her side, whose hand she was holding as though she loved her." And why
not, Mr. Poet? Princesses, especially Princesses of the bread-and-butter
age, are as susceptible to joys of sympathy and companionship as any of
us--untitled poets and title-contemning Republicans.

Lord Albemarle, in his autobiography, speaks of watching, in an idle
hour, from the windows of the old palace, "the movements of a bright,
pretty little girl, seven years of age, engaged in watering the plants
immediately under the window. It was amusing to see how impartially she
divided the contents of the watering-pot between the flowers and her own
little feet. Her simple but becoming dress--a large straw hat and a white
cotton gown--contrasted favorably with the gorgeous apparel now worn by
the little damsels of the rising generation. A colored fichu round the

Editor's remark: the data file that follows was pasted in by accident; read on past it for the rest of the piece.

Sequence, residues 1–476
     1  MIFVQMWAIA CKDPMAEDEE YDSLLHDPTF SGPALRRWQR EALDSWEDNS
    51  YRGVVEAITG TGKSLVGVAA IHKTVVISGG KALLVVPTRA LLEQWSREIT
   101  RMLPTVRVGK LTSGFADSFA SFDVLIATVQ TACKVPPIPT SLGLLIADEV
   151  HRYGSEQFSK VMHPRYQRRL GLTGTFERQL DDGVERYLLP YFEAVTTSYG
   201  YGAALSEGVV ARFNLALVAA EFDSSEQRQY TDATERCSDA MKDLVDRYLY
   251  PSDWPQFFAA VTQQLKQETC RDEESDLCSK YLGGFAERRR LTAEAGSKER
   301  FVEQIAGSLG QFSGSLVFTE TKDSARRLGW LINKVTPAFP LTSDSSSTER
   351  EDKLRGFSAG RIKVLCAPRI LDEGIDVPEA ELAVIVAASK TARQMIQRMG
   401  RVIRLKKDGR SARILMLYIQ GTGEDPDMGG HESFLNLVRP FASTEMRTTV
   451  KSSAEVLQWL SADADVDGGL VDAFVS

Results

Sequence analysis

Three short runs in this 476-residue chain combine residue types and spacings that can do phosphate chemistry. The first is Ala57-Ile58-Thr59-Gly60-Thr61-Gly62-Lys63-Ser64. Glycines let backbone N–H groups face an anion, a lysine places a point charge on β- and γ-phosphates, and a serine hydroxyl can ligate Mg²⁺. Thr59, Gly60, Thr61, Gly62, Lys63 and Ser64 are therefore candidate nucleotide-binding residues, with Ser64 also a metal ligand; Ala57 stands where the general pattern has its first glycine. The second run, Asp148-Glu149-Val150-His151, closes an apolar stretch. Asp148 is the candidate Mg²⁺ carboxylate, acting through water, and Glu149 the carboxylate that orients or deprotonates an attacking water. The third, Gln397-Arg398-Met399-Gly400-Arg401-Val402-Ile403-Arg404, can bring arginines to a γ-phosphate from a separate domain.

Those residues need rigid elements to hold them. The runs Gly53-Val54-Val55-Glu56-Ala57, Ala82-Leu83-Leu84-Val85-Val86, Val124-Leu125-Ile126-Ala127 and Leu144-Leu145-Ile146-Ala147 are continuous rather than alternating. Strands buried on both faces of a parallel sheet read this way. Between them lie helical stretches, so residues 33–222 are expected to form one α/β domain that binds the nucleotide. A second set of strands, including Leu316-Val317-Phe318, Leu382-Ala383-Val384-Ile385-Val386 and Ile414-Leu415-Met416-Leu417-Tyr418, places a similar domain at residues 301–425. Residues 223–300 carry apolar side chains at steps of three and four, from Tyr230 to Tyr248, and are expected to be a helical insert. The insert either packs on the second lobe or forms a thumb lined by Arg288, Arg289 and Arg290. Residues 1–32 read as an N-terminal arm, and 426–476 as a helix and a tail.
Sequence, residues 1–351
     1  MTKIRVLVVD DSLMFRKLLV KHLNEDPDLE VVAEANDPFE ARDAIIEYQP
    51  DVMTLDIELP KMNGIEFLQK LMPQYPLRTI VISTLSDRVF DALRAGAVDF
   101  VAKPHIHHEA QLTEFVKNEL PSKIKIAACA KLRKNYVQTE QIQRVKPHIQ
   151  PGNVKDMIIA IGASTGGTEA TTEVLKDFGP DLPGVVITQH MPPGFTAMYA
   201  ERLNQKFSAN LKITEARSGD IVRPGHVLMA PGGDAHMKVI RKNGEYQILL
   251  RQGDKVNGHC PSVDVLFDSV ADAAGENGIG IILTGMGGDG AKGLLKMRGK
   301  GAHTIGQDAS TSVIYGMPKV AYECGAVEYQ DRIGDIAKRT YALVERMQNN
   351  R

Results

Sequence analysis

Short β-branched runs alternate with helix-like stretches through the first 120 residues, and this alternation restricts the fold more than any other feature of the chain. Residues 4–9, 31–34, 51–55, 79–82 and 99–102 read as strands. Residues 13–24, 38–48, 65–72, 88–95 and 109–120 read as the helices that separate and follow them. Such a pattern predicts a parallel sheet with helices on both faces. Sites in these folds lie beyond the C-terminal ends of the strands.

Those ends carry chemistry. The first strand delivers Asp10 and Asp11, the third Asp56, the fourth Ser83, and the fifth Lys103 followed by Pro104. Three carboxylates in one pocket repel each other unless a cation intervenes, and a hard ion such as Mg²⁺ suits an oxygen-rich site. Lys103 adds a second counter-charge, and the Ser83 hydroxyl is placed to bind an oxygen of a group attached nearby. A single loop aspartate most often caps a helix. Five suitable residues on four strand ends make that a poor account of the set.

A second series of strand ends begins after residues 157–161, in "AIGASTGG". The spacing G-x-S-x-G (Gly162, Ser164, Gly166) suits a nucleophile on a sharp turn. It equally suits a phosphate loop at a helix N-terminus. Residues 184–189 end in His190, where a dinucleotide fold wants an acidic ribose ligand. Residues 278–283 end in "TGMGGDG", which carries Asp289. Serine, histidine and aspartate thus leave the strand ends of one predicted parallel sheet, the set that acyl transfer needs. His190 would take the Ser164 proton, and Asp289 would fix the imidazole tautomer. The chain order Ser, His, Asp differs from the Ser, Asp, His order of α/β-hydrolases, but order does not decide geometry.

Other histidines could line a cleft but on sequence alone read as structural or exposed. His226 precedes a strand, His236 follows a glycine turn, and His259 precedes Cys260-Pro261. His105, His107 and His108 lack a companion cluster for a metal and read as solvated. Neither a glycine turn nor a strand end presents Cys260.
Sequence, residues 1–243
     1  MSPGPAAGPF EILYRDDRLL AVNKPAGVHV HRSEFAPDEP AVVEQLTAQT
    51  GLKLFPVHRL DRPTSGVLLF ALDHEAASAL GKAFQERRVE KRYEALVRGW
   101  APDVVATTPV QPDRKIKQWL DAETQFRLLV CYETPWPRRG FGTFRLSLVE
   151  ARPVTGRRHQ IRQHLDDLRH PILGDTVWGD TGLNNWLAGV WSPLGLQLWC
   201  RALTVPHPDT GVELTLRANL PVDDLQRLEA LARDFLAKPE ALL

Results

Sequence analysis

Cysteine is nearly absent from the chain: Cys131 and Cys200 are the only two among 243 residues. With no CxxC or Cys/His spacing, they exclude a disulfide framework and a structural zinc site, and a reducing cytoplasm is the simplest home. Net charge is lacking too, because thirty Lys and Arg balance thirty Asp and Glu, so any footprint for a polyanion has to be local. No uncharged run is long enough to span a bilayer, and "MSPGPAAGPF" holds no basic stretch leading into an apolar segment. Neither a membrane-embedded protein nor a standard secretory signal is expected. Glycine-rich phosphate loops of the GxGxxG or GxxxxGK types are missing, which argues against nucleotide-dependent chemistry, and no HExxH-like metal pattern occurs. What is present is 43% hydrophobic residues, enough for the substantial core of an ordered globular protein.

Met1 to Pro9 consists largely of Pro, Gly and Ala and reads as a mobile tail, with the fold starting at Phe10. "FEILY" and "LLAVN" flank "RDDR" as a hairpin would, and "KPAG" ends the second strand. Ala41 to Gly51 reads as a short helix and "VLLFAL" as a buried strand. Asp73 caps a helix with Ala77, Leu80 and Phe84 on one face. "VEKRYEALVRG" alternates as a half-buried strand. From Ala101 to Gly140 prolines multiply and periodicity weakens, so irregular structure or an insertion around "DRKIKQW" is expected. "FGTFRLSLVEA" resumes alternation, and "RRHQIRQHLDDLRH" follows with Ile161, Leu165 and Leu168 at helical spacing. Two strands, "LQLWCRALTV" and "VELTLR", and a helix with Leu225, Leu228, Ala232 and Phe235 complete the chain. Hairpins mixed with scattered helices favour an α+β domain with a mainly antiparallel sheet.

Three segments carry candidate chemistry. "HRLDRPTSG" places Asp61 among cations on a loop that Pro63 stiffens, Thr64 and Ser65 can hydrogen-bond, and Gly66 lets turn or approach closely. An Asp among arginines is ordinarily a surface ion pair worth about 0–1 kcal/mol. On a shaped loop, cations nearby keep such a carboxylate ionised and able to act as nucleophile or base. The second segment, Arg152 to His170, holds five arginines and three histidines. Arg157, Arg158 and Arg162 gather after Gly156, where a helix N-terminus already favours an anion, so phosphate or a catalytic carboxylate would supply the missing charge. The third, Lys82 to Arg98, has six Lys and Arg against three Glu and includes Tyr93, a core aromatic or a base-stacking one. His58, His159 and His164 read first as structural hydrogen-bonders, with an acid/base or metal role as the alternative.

neck was the only ornament she wore. The young lady I am describing was
the Princess Victoria, now our Gracious Sovereign."

Queen Victoria dressed her own children in the same simple style, voted
quaint and old-fashioned by a later generation. I heard long ago a story
of a fashionable lady from some provincial town taking a morning walk in
Windsor Park, in the wild hope of a glimpse of royalty, and meeting a
lady and gentleman, accompanied only by two or three children, and all so
plainly dressed that she merely glanced at them as they passed. Some
distance further she walked in her eager quest, when she met an old
Scotch gardener, of whom she asked if there was any chance of her
encountering the Queen anywhere on the domain. "Weel, ye maun, turn back
and rin a good bit, for you've passed her Mawjesty, the Prince, and the
Royal bairns."

Ah, wasn't she spited as she looked back and saw the joyous family party
in the dim distance, and realized what she had lost in not indulging
herself in a good long British stare, and what a sin she had committed in
not making a loyal British obeisance.

Next: Victoria's Early Education

Previous: Sketch Of The Princess Charlotte